Double Possessives

This week on Wordsmith Essays’ blog, we’re talking about possession.  Writing with possessives is usually fairly simple in English; stick an ‘s at the end of your words to indicate ownership, unless the world already ends in s.  But should you ever have a double possessives—more than one possession in a single sentence?

There is a rule of thumb in formal writing that you should not use more than one possessive at a time.  That’s not just ‘s words, but phrases with the word “of” in it, as well—for example, “a friend of Aaron’s” puts two possessives on the same word—both the “of” and the “’s” indicate that the friend belongs to Aaron.  Therefore, you should write it as “a friend of Aaron” or “Aaron’s friend” in formal writing.

There’s something odd going on there, though, because in informal writing and speech, many people will find “a friend of Aaron’s” to be a much more natural thing to say.  There are other examples, too, like “a friend of mine”—again, that’s technically a double possessive, but it sounds like natural English to most people.  Double possessives have been used in writing and speech for centuries, and avoiding them at all costs can make your writing sound stilted and unnatural.  It’s hard to find the proper balance here, and it’s really something that only comes with practice.

If you’re looking for a hard-and-fast rule, however, the Associated Press has a fairly good rule of thumb to stick with.  They recommend only using a double possessive if both of these conditions are met:

  • The second possessive must be animate, so “the friend of John’s” is OK, but “the government of France’s” is not.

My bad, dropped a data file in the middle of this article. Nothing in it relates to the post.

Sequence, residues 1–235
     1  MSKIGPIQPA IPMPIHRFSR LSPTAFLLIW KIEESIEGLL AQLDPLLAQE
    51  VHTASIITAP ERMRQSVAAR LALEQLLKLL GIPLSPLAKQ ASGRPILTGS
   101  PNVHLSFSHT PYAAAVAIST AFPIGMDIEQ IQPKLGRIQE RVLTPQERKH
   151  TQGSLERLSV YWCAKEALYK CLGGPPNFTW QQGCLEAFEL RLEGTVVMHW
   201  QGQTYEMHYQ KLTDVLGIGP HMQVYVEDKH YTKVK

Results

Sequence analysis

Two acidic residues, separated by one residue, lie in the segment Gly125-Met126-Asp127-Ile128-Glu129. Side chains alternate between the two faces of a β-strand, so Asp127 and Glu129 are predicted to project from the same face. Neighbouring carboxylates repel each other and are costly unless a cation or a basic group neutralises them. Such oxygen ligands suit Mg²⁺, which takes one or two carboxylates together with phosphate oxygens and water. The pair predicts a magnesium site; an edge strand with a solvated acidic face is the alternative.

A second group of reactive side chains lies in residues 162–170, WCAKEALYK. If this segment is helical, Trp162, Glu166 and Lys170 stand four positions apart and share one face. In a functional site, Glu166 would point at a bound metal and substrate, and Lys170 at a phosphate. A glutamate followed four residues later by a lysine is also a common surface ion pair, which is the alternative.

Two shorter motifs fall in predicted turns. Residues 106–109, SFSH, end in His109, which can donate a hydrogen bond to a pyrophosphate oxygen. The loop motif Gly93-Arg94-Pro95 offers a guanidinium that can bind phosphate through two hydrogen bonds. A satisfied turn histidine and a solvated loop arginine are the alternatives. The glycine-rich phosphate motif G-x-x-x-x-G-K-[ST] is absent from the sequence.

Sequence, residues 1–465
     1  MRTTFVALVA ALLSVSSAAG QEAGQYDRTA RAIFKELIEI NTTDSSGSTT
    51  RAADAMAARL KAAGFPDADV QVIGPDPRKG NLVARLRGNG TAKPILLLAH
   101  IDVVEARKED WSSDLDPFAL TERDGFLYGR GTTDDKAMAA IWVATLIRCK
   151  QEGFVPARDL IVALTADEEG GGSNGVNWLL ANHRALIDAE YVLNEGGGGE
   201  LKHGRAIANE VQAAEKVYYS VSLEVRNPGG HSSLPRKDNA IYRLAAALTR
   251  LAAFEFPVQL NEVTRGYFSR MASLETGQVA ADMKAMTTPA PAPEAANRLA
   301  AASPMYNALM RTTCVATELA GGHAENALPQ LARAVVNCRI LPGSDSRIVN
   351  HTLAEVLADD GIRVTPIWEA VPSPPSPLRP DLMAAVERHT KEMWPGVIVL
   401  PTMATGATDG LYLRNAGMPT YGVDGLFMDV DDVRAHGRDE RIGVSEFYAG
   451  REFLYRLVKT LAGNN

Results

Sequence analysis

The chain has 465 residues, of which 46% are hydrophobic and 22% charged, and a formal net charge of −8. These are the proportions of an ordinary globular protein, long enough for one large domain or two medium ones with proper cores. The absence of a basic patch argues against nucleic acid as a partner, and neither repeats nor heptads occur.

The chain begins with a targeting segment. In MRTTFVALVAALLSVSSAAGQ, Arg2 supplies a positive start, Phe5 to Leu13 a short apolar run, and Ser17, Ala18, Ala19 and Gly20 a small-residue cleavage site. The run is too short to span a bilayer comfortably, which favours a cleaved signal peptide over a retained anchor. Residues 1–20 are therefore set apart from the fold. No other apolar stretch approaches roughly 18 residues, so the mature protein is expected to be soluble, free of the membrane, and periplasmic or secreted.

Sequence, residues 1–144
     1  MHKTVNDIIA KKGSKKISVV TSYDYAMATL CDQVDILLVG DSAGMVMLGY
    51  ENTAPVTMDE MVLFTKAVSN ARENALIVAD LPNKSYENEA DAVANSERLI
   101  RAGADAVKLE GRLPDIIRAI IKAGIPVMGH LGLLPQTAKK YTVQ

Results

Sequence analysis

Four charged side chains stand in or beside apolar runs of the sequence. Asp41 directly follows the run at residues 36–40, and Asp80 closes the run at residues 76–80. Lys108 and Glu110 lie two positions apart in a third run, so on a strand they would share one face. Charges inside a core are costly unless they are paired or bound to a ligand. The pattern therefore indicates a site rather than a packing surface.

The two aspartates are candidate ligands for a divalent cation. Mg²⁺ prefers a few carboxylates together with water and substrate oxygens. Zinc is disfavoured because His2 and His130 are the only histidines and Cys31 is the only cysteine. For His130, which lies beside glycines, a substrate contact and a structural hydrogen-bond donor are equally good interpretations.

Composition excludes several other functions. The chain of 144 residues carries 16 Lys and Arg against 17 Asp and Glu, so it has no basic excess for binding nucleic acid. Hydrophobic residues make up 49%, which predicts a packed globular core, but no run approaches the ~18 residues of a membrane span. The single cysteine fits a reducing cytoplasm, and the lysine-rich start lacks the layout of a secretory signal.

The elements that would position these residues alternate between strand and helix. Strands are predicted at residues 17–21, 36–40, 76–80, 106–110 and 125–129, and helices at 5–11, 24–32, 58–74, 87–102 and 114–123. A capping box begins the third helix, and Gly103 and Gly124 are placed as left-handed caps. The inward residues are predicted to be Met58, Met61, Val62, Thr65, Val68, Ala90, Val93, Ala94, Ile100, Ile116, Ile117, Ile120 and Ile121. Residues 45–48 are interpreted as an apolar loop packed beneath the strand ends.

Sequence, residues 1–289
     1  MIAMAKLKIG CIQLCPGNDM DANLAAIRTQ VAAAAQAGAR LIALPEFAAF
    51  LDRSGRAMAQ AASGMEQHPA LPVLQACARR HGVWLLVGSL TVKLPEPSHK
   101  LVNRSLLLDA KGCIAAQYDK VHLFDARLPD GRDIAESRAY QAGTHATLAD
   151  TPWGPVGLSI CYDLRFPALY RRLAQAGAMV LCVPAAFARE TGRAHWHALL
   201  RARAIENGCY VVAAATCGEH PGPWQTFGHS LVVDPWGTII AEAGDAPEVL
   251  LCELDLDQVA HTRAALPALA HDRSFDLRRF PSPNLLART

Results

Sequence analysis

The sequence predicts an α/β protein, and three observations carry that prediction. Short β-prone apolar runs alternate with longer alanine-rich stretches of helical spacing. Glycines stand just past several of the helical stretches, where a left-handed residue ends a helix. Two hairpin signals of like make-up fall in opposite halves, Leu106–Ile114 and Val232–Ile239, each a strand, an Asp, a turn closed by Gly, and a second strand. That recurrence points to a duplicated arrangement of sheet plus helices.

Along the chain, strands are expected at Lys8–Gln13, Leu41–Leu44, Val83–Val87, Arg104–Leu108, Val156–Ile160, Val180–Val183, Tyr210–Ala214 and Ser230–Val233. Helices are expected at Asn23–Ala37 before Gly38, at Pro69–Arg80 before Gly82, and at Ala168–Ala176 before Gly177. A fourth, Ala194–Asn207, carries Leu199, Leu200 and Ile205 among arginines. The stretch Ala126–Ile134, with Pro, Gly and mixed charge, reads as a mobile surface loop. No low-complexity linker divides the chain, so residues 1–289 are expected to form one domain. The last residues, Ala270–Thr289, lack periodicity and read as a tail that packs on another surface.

• The word before “of” must involve only a portion of the animate object’s possessions, so “the friend of John’s” is OK but “the friends of John’s” is not.

Of course, if you’re unsure, you can avoid the issue entirely by rewriting your sentence, but occasionally, a double possessive can actually help clear up confusion—in which case, no matter what the style guide says, you should use it.

For example, take “this is Will’s photograph”.  That could either mean”

  • This is a photograph of Will; i.e., someone took a picture of Will, and here it is.
  • This is a photograph belonging to Will; i.e., he took or bought the picture in question.

Without using a double possessive, the meaning is unclear.  With the double possessive, however, you can emphasize what exactly you mean:

  • If it’s a photograph of Will, you can say “This is a photograph of Will”, without the double possessive.
  • If it’s a photograph belonging to Will, you can say “This is a photograph of Will’s”, making the meaning clear with the double possessive.

Of course, if you’re not sure you’ve got all your possessives in the right place, or you just want another pair of eyes to make sure everything’s written as well as it could be, why not stop by Wordsmith Essays’ order page today?  Our team of international editors will help make sure you’re getting the most out of your writing.



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